What to Do When that Slump Hits: Fixing the Middle

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We all know the feeling – you’re writing your story, banging out epic fight scenes and plot twists galore, and loving every second of it. Then, you hit that 30k word count and suddenly lose steam. Why is that always the case? Obviously, your story is still important to you, or else you wouldn’t be writing it. So why the sudden slump?

There are a myriad of possible reasons, but below, I’ll outline some of the things I’ve observed of my own writing habits that choke out creativity and make everything way harder than it really needs to be. My hope is that this very non-exhaustive list will help you gain a new perspective of what you’re doing. Maybe you’ll even approach the whole story differently as a result. Or if not, you’ll at least have a new game plan that affords you more flexibility and openness, letting the ideas flow freely.

Maybe your concept sucks.

Harsh, I know – but hear me out. Sometimes – and pantsers especially might be guilty of this – we dive into a story head first without a parachute. Even die-hard pantsers like myself always have at least a vague idea of the direction we want to take and how to get there. So the details might still need to be ironed out, but the general idea is well developed enough to move forward. If you don’t daydream long enough about your idea, the blank page will eat you alive and paralyze your efforts, and the slump begins. My best advice? Step away from the computer and start doodling, journaling, or Pinterest-ing until your story reveals itself to you.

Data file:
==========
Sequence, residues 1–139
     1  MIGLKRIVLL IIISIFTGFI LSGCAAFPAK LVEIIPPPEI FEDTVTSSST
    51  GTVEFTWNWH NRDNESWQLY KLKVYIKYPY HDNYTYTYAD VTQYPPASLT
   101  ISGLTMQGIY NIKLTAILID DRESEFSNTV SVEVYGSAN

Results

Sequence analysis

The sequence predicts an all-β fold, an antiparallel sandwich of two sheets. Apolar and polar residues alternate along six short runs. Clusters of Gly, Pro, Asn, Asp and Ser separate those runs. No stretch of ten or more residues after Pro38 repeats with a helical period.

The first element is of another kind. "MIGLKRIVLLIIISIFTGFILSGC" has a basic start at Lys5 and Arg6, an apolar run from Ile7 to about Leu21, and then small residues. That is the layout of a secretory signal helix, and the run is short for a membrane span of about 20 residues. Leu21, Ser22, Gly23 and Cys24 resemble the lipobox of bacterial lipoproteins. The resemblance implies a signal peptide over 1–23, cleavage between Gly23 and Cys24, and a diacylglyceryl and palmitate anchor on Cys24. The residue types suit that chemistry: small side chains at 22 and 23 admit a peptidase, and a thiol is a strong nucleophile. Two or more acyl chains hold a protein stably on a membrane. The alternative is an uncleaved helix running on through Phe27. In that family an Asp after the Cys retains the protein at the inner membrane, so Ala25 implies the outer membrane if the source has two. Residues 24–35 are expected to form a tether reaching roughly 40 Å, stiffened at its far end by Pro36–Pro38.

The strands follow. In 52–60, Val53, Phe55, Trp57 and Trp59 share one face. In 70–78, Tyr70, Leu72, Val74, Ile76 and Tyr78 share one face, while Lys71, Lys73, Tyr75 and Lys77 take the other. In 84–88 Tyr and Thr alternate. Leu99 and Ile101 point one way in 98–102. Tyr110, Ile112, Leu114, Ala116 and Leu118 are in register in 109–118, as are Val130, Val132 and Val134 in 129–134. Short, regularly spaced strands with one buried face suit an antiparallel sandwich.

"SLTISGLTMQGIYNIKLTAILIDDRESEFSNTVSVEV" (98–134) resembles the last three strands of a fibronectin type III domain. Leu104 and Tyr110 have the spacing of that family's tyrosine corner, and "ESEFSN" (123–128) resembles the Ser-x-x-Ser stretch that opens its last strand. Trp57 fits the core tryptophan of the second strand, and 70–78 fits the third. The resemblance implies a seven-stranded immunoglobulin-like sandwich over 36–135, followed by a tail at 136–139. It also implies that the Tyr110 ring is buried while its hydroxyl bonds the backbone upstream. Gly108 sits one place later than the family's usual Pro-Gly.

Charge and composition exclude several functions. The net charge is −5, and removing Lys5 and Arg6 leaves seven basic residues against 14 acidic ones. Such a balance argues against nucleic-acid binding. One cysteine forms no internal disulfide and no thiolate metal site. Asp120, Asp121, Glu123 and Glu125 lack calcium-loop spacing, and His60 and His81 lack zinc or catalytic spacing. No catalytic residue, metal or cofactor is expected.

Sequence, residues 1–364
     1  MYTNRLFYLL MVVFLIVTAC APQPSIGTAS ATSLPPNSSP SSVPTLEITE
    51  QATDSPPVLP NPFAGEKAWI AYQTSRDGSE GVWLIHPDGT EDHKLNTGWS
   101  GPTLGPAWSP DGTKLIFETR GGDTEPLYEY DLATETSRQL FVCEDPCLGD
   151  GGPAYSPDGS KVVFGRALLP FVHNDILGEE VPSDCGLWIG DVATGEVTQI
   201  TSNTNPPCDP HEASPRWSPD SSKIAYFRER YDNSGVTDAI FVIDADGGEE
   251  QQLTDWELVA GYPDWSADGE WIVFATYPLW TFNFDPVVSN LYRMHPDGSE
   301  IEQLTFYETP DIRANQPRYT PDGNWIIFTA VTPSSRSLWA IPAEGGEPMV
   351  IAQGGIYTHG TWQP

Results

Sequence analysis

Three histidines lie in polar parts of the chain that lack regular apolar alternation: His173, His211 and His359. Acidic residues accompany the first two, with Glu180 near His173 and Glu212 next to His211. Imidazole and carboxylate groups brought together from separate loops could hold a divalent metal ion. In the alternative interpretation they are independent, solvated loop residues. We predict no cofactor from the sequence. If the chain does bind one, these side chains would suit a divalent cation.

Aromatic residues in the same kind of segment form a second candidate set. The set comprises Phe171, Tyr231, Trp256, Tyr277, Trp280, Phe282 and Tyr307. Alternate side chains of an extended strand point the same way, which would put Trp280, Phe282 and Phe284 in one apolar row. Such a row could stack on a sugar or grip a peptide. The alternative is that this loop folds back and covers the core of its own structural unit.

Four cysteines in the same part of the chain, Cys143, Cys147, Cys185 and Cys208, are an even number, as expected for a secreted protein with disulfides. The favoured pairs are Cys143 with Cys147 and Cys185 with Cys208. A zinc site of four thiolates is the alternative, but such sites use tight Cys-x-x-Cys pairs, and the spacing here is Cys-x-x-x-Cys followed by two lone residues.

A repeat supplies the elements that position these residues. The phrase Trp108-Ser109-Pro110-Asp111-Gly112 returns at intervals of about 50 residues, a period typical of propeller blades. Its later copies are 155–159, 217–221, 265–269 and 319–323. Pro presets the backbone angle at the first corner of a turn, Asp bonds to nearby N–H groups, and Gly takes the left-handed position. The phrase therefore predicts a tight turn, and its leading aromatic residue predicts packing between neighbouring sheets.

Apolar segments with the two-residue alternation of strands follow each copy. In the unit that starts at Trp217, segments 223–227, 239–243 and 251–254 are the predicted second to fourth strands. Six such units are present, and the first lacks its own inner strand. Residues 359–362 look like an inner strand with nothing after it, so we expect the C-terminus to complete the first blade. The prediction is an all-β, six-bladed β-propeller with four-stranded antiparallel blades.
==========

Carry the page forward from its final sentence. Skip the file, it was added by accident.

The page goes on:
Maybe your characters have a mind of their own.

This isn’t necessarily a bad thing – far from it, actually. But it can be a problem if you’re not open to hearing new ideas from your characters. The best stories equip characters with minds of their own that allow them to be unapologetically themselves. To succeed in your writing goals, you too must allow your characters to explore the new ideas they have. What are their biggest fears? Motivations? Raisons d’êtré? Abandon your outline, and just try handing them the reigns. You might find your story goes somewhere completely new.

Maybe you’re burnt out.

I’ll be the first to say I’m always extremely guilty of this, but burn out is real. When you’ve been working too hard for too long, your body and mind just kinda stop letting you do the words-putting-into-sentences-doing. When that happens, I like to play music, crochet, leisure read, or watch TV brainlessly for a while. There is so much to watch these days, so indulge a bit and enjoy! Your book will be better for it, and your story slump will be long-gone before you know it.

Maybe your pacing is inconsistent.

Sometimes all it takes to fix this problem is outlining. Think about the broad scope of your story – where you want to take it, and where you are now. Now, how much space do you need to carry out each step in that process? Maybe it’s 20k for your exposition, another 20k for your rising action, then 10k for your climax. Add in a plot twist or two for good measure, which might be an extra 5k each to incorporate. Pacing is what you make of it, and planning ahead could help. That being said, don’t limit your story. Some sections may be longer or shorter than you originally thought, and that’s totally okay too. For extra help adding in plot twists, check out this post: Writing Suspense: Five Pressure Points to Keep Readers on the Edge of Their Seats.

At the end of the day, you’ll still have your story. Maybe it’s buried under some limitations like the ones listed above, but there’s always a way out of that slump. The trick is to stick with it until it becomes fun again. That feeling when the words start flowing again is like nothing else, so keep working out the kinks until you find your stride. Your readers – and characters – are counting on you.

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